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US mulls blacklisting Chinese semiconductor firms over Huawei links

The Biden administration is considering blacklisting a number of Chinese semiconductor firms linked to Huawei Technologies Co. after the telecom giant notched a significant technological breakthrough last year, people familiar with the matter said.

Such a move would mark another escalation in a US campaign to ringfence and curtail Beijing’s AI and semiconductor ambitions. It would ratchet up the pressure on a Chinese national champion that’s made advances despite existing sanctions, including producing a smartphone processor last year that many in Washington thought beyond its capabilities.

Most of the Chinese entities that could be affected were previously identified as chipmaking facilities acquired or being built by Huawei in a presentation by the Washington-based trade group Semiconductor Industry Association, according to people familiar with the matter. No final decisions have been made, the people said. Bloomberg News first reported about SIA’s presentation in 2023.

The companies that could be blacklisted include chipmakers Qingdao Si’En, SwaySure, and Shenzhen Pensun Technology Co., or PST, the people said, asking not to be named because they weren’t authorized to discuss non-public information. Biden officials are also weighing sanctions on China’s leading memory chipmaker, ChangXin Memory Technologies Inc.

“Adding more Chinese companies to the US Entity List is a highly likely event,” Jefferies analyst Edison Lee wrote after ChangXin was identified as a potential target. “It is easy to implement and justify, and it will further block certain key Chinese companies from being able to exploit current loopholes in export restrictions.”

Beyond companies that actually produce chips, US officials may also sanction Shenzhen Pengjin High-Tech Co., according to the people, as well as SiCarrier, one of the people said. The concern is that those two companies, which make semiconductor manufacturing gear, are acting as proxies to help Huawei obtain restricted equipment, according to the person. Bloomberg News first reported on the companies’ ties to Huawei in late 2023.

The US government is pressing allies including the Netherlands, Germany, South Korea and Japan to further tighten restrictions on China’s access to semiconductor technology. Huawei is one of the companies at the heart of that campaign, as well as Beijing’s efforts to reduce its reliance on Western technology.

It isn’t clear whether the Commerce Department, which administers the so-called entity list, has additional evidence linking the companies to Huawei, the people said. The US has the authority to sanction businesses that are at risk of harming its national security in the future, and officials don’t necessarily need to prove past harmful or illegal activity.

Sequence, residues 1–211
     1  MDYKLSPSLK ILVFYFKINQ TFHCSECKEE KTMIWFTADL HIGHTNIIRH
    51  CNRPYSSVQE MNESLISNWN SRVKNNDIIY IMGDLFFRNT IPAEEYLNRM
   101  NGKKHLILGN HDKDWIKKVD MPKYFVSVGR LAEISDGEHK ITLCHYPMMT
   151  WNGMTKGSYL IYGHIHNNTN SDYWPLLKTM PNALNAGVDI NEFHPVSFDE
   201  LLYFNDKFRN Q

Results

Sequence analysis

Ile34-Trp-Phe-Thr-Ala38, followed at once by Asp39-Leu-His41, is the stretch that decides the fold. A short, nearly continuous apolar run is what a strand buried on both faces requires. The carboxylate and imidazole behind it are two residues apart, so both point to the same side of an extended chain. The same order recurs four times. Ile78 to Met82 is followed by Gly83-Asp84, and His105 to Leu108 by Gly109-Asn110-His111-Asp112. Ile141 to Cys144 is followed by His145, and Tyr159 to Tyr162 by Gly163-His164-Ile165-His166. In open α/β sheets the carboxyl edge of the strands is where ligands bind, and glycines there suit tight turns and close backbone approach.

The White House’s National Security Council and Commerce Department’s Bureau of Industry and Security declined to comment. Representatives for the individual Chinese companies and the Ministry of Commerce didn’t respond to messages seeking comment. The Ministry of Foreign Affairs reiterated that it “resolutely opposes” US actions that disrupt market order and harms Chinese enterprises, but didn’t comment specifically on the potential US moves under deliberation.

It’s uncertain when US officials will make a final decision, the people said, emphasizing that timing will likely depend on the status of relations between Washington and Beijing — which both sides have worked to improve in recent months. Treasury Secretary Janet Yellen is expected to visit China again in 2024, and top officials have discussed a phone call between President Joe Biden and Chinese leader Xi Jinping sometime this spring.

There are also other policy considerations, such as when the White House will announce a long-awaited adjustment of sweeping China tariffs first imposed under former President Donald Trump. Officials are also considering raising duties on older-generation chips from China, according to people familiar with the matter who said those conversations have picked up in recent weeks.

Huawei was added to the entity list in 2019, meaning it can’t purchase American technology unless sellers obtain a special export license from the Commerce Department. While those sanctions kneecapped Huawei’s smartphone business for years, the company unveiled in August a Mate 60 device powered by a 7-nanometer chip made in China — and began selling the phone while Commerce Secretary Gina Raimondo was visiting the country.

The processor was manufactured by Semiconductor Manufacturing International Corp., though it still relied heavily on foreign technology — including tools from Dutch equipment giant ASML Holding NV and American suppliers Applied Materials Inc. and Lam Research Corp. The use of those tools, which were purchased before US and Dutch export controls went into effect, indicates that China still can’t entirely replace foreign components even as Beijing tries to build a full domestic semiconductor supply chain.

BIS has said it’s probing the “purported” 7-nm chip, and Raimondo has vowed the “strongest possible” actions to protect US national security. Republican lawmakers, meanwhile, have demanded the Biden administration completely cut off Huawei and SMIC’s access to US suppliers. Bloomberg

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